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22.09.2011 Digital Image Processing Exercise 1.

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Presentation on theme: "22.09.2011 Digital Image Processing Exercise 1."— Presentation transcript:

1 Digital Image Processing Exercise 1

2 Exercises: - Questions : one week before classQuestions - Solutions : the day we have class Solutions - Slides along with Matlab code (if have) : after classSlidesMatlab code

3 1 gigabyte = ( 8 × ) bits 1. One of the several HDTV formats is 1080p24, which means video stream of full frames of 1920×1080 pixels at frame rate 24 fps. If each pixel has 24 bits of intensity resolution (8 bits each for red, green and blue channels), how many gigabytes are needed for 2 hours of HDTV video without compression? HDTV (High-definition television) formats is 1080p24. Each pixel has 24 bits of intensity resolution. Frame rate 24 fps. Video size is n b × n f bits

4 2. (Exam ) Perform connected component analysis of the follow- ing binary image. Use the two-scan labeling algorithm and represent results after each scan by using letters (a,b,c,... ) as labels. (a) Assume 4-connectivity. From left to right, top to bottom. Examine each pixel P and its neighbor pixels: left (x 1 ) and up (x 2 ). First scan:

5 Second scan: Image is scanned and pixels are given final labels according to the equivalences found during the first scan.

6 (b) Assume 8-connectivity. This picture is scanned in the similar way as with 4-connectivity, but now we examine four neighbors of P (also the diagonal neighbors). We notice that a is equal to b. They are given final label A in the second scan. (Matlab code)

7 3. (Gonzalez & Woods 2007, Ex. 2.15) Consider the image segment shown. (a)Let V = {0, 1} and compute the lengths of the shortest 4-, 8-, and m-path between p and q. If a particular path does not exist between these points, explain why. i. There is no 4-path between p and q, as none of the 4-neighbors of pixel q have values from V.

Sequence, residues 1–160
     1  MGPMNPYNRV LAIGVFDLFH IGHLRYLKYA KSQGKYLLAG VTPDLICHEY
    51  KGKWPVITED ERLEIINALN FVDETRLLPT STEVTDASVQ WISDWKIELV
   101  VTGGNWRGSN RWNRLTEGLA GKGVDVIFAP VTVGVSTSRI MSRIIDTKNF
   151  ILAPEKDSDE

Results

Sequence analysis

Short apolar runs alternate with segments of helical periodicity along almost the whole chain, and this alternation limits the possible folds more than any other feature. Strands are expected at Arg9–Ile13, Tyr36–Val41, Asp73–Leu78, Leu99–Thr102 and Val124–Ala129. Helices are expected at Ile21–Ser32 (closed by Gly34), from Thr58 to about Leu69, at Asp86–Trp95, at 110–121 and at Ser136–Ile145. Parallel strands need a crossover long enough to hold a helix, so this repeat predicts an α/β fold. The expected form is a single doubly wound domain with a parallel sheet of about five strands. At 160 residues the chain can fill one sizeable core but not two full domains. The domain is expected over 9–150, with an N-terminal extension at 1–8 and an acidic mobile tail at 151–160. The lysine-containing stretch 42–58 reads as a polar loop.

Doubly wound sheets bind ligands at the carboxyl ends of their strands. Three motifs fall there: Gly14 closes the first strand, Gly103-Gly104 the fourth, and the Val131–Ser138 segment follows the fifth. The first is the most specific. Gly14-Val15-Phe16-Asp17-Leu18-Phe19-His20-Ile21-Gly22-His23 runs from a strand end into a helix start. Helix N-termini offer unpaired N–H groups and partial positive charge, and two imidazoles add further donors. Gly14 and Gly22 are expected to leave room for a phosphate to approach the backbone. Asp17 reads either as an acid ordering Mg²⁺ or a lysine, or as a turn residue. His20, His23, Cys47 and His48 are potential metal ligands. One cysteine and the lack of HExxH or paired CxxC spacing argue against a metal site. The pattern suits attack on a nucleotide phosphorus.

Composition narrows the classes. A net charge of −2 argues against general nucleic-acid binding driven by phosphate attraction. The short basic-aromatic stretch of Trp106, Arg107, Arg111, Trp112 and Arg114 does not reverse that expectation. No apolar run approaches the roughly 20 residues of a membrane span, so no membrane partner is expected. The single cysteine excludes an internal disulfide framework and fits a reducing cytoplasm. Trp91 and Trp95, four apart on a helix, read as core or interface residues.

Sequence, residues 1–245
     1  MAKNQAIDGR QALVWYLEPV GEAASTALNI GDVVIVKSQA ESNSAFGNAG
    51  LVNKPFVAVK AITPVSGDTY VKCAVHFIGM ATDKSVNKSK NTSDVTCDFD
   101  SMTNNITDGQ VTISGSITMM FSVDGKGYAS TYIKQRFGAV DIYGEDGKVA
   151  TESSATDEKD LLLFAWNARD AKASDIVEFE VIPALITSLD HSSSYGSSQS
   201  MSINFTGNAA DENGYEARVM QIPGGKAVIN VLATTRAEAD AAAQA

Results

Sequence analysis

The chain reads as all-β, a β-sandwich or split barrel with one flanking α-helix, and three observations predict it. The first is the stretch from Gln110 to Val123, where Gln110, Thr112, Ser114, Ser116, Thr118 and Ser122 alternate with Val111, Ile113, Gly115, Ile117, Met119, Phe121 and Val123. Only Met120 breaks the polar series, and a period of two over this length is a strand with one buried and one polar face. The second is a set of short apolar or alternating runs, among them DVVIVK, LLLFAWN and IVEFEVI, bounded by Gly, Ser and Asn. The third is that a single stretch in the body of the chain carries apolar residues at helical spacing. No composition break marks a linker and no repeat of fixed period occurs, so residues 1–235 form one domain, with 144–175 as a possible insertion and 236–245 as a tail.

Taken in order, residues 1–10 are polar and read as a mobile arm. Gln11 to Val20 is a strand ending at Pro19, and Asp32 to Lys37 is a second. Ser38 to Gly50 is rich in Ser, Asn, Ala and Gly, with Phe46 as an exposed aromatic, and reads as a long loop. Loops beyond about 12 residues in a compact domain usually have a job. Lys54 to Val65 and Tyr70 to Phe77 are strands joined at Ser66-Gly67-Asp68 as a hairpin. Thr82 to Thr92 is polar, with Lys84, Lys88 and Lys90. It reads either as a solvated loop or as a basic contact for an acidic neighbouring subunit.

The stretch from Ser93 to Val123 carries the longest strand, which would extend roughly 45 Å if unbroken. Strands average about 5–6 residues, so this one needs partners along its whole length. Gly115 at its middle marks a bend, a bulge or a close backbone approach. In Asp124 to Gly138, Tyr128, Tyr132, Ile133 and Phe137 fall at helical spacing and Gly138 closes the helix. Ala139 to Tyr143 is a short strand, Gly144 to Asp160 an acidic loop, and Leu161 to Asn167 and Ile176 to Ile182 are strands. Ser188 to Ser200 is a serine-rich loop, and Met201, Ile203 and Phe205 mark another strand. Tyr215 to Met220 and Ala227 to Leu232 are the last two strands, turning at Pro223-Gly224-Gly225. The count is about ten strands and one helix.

8 ii. The shortest 8-path from p to q, considering 8 neighborhood of one pixel (q) (p) 1012 V = {0, 1} p = (3; 0); (3; 1); (2; 2); (1; 2); (0; 3) = q The length is N - 1 where N is the number of pixels on the path. The length of the shortest 8-path is 4.

9 iii. The shortest m-path from p to q. m- adjacency (Page 67) : Two pixels p and q with values from V are m-adjacent if: (i) q is in N 4 (p), or (ii) q is in N D (p) and the intersection set of N 4 (p) N 4 (q) has no pixels whose values are from V (q) (p) 1012 V = {0, 1} Intersection set of N 4 (p) and N 4 (q) is {1, 2} Thus, the length of this path is 5.

10 (b) Let V = {1, 2} and compute the lengths of the shortest 4-, 8-, and m-path between p and q. If a particular path does not exist between these points, explain why. i. One possibility for 4-path: p = (3; 0); (2; 0); (2; 1); (2; 2); (2; 3); (1; 3); (0; 3) = q The length of this path is 6. ii. One possibility for the shortest 8-path: p = (3; 0); (2; 1); (1; 1); (0; 2); (0; 3) = q The length of the shortest path is 4. iii. One possibility for the shortest m-path: p = (3; 0); (2; 0); (2; 1); (1; 1); (0; 1); (0; 2); (0; 3) = q The length of this path is 6. Notice that these paths are not unique. It is easily verified that another path of the same length exists between p and q.

11 Equalization of an image histogram is the cumulative density function. (a) Perform histogram equalization given the following histogram. (r=Gray level, n=number of occurrences) First, calculate the probability p k for each gray level: p k = n k /sum(n k ) 4.

12 Second, compute the discrete cumulative density function s k. Finally, round to the nearest discrete value available: The equalized histogram is: x/7

13 (b) Perform histogram specification of the previous histogram using the specified histogram shown in the following table. (r=Gray level, p=probability of occurrences) Transform the histogram into a given distribution. First, equalize the histogram. (in part (a) ) Second, change the equalized histogram into the given target distribution. (inverse transform z = G-1(s), where G(z) is a mapping that equalizes the target distribution) Compute this mapping: First, cumulate the probability.

14 Next, apply the inverse transform z = G -1 (s), by finding the closest s k for each s k ’ computed in part (a). part (a) Thus, the histogram resulting from the transform is:

15 5. An image is corrupted by additive uncorrelated, zero-average noise yielding How is the signal-to-noise ratio affected if you average these K images? Signal-to-noise power ratio: For single image:

16 zero-average noise:

17 The average image: Its signal-to-noise power ratio:

18 Finally, the signal-to-noise ratio becomes: (Matlab code) P(x,y)

19 6. (Exam ) Explain different methods for handling border pixels with mask operations. (a) operator modification operator is modified for exceptions where some of the necessary neighbors are missing often complex seldom used (b) adding zeroes easy to perform often used

20 (c) reflecting usually better than adding zeroes often used

21 (d) image is considered to be cyclic seldom used one should have some reason for assuming the image to be periodic

22 (e) only the pixels that have all the necessary neighbors are processed the only ‘right’ way processed image is smaller than original

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